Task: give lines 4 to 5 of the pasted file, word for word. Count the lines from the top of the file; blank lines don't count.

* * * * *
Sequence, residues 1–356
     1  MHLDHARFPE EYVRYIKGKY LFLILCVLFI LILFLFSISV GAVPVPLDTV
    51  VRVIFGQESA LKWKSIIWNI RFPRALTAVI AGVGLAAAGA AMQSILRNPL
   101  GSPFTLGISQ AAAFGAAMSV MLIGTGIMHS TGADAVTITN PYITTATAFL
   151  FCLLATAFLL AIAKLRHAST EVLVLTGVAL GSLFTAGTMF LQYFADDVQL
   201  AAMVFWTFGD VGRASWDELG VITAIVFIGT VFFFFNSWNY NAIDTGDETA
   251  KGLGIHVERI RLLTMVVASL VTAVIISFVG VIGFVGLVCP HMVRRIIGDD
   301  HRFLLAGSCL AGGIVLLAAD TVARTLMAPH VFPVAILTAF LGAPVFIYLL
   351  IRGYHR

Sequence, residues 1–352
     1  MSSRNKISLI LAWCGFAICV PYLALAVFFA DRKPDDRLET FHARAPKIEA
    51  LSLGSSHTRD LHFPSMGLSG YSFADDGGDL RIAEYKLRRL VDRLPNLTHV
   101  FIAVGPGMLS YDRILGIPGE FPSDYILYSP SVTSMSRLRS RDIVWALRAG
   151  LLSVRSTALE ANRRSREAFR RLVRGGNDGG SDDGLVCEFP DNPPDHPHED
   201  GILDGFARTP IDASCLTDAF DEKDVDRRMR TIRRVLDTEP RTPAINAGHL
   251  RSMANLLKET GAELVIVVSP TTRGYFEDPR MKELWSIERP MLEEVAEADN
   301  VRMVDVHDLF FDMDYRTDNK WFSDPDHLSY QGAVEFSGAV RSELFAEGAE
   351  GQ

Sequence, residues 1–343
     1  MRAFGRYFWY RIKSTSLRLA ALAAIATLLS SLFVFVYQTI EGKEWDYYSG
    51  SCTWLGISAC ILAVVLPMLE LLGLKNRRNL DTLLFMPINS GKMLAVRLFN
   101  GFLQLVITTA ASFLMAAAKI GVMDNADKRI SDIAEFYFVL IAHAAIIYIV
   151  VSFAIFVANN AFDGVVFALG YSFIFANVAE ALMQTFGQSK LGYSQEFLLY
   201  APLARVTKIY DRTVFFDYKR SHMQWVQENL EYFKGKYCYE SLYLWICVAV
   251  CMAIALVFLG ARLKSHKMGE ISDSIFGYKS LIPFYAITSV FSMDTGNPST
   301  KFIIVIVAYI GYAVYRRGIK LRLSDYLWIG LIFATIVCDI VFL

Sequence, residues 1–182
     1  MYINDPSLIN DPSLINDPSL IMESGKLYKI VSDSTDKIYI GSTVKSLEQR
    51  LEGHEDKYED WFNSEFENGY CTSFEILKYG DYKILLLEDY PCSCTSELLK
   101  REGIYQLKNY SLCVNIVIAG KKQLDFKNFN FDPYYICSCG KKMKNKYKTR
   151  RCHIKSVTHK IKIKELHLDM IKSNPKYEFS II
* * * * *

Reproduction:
   101  GSPFTLGISQ AAAFGAAMSV MLIGTGIMHS TGADAVTITN PYITTATAFL
   151  FCLLATAFLL AIAKLRHAST EVLVLTGVAL GSLFTAGTMF LQYFADDVQL